This is a picture of all of us!

My social life was not very normal. I never fit in enough to see much of classmates outside  school. I tagged along with my sister and brother-in-law to friends who were other foreign PHD math students at the University of Birmingham and spent a lot of time alone. I like being alone now but at that time I was pretty lonely. Poorly adjusted adolescent that I was, I came back to this country in the middle of the first half of sixth form when I ran out of people that were willing to put up with me. I completely gave up on school shortly after that and commenced to oppen3pursue my life of on the road.  Eventually I ended up as what we call here a “back to the lander” in Arkansas. Inexpensive land attracted people from all over the country, idealistically wanting to be farmers. I was attracted to the lifestyle and lived on a commune as well as with families but never owned land of my own until around 1999.  

I went back to England a few more times, as my sister still lived there. Once when I was around nineteen I stayed a year and traveled around the Scottish coasts camping. It was during this time I started crocheting blankets out of Scottish tweed yarn.  While back in Birmingham I attended some night classes at oppen4MRSA with my sister. Weaving and maybe shop.  The last time in England was with my daughter when she was four, a week’s visit with my sister who also had a child.  Shortly after that her husband got a job in the States and they still live here.  I got married and lived in the Ozark Mountains in Arkansas. Two more kids & cattle farming, no time for art.

Later, divorcing, I got a degree in mechanical drafting. I really enjoyed studying it and being back in school.  During the time I was in school, the industry went from hand drafting to computer drafting rather quickly. I had never wanted a career in front of a computer screen so never had a drafting job. I think had I gotten the architectural drafting degree it would have been more practical. They still use some hand drawing and I may have made better use of it, since that’s what I became interested in and built my own house. I worked as a carpenter’s finisher for a bit and took art classes at the University of Arkansas in Fayetteville.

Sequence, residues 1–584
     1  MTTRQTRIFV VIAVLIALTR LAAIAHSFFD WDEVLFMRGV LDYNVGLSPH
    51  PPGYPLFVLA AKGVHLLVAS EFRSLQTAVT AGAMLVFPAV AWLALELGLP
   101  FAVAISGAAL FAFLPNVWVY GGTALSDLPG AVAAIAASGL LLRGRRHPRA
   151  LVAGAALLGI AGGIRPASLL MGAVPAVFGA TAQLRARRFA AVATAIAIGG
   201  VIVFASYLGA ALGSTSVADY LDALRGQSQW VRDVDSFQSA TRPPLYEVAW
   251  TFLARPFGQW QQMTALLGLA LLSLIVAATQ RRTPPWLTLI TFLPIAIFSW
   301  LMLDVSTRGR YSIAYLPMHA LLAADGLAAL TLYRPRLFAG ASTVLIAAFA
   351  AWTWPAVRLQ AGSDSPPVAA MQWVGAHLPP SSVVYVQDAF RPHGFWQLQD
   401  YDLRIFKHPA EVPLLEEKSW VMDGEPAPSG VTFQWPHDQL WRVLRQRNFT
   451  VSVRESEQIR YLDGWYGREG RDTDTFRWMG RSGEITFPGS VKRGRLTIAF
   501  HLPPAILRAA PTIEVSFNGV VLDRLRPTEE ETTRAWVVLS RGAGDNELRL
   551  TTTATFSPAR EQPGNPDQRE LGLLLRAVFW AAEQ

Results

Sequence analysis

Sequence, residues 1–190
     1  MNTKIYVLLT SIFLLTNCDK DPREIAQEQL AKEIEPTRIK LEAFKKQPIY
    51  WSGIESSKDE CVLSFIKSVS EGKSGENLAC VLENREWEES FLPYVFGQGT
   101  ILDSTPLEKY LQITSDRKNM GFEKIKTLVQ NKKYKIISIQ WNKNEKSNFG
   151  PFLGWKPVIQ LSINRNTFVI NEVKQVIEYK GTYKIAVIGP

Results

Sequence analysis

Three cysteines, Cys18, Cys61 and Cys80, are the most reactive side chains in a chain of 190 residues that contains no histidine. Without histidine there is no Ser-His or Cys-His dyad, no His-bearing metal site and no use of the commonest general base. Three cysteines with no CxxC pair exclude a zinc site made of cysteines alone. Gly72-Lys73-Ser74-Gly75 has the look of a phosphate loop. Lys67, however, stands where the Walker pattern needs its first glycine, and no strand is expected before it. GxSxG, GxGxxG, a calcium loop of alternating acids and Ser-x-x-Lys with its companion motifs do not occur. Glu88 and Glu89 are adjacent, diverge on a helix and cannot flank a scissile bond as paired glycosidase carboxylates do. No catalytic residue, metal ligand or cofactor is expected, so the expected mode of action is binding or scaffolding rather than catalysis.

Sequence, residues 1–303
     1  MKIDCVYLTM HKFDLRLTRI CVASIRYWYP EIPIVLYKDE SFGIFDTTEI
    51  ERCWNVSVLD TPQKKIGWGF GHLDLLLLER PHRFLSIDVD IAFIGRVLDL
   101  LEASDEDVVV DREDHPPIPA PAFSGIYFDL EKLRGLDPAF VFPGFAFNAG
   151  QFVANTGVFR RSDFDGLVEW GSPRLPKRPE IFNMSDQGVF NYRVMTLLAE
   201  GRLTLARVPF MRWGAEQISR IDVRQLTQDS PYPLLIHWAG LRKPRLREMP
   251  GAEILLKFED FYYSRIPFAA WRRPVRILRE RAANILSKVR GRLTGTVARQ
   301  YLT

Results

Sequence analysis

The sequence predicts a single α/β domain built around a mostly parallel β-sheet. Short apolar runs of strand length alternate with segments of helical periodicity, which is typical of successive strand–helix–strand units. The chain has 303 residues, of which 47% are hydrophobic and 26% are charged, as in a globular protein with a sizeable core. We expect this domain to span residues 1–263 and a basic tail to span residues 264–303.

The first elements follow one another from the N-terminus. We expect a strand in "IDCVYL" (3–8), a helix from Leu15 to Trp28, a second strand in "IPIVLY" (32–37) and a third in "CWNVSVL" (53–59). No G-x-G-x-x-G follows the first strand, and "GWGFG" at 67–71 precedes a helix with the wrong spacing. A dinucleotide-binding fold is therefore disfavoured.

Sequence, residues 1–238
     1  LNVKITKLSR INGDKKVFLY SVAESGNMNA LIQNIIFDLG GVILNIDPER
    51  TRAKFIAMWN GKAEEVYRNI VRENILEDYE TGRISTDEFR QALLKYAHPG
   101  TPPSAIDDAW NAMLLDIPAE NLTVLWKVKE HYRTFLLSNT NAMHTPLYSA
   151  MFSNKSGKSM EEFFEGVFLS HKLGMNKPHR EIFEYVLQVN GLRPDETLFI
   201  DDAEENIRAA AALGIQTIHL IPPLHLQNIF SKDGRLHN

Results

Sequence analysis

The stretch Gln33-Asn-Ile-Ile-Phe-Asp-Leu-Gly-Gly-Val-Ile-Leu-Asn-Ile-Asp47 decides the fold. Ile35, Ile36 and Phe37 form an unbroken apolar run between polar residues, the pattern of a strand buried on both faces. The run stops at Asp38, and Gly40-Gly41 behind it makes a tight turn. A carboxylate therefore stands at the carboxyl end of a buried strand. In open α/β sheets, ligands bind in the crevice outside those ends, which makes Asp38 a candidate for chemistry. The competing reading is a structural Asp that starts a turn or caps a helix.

Printmaking was my passion at this time, but never found it practical to continue it out of school.  I started making greeting cards about fifteen years ago and with persistence this has become my livelihood.  A suitable cottage industry for a simple lifestyle. I’m also crocheting again, as art and more practical purposes.

All the years and miles have brought me to be writing this in a little cabin that I built by myself on the top of an Ozark Mountain in Arkansas. I have three wonderful children that make me very proud and two grandchildren that are pure fun.

Noticing the name of an artist from Texas, Aj Smith a couple times, I remembered Aj from MRSA. Remembering how absolutely talented he was I was sure he was a famous artist with a web presence. That’s how I came to find the MRSA site. How exciting all these years later!

It really DID exist - I didn’t just dream it.


More examples of Tina's work may be seen by visiting






The Moseley School of Art Association is an association formed to:

- promote and maintain, through exhibitions, reunions and other means personal contact between all former pupils and staff members of the Moseley Secondary School of Art, Moseley Road, Birmingham 12 England

- promote the restoration and continued maintenance of the Moseley School of Art building, and

- to promote the activities of members who are active in any of the fields of art and the crafts, by means of publicity, sponsorship and procurement of artist materials at discount rates


© Graeme Llewellyn Collins 2003, 2004, 2005, 2006, 2007, 2008, 2009, 2010

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The Moseley School of Art Association 2003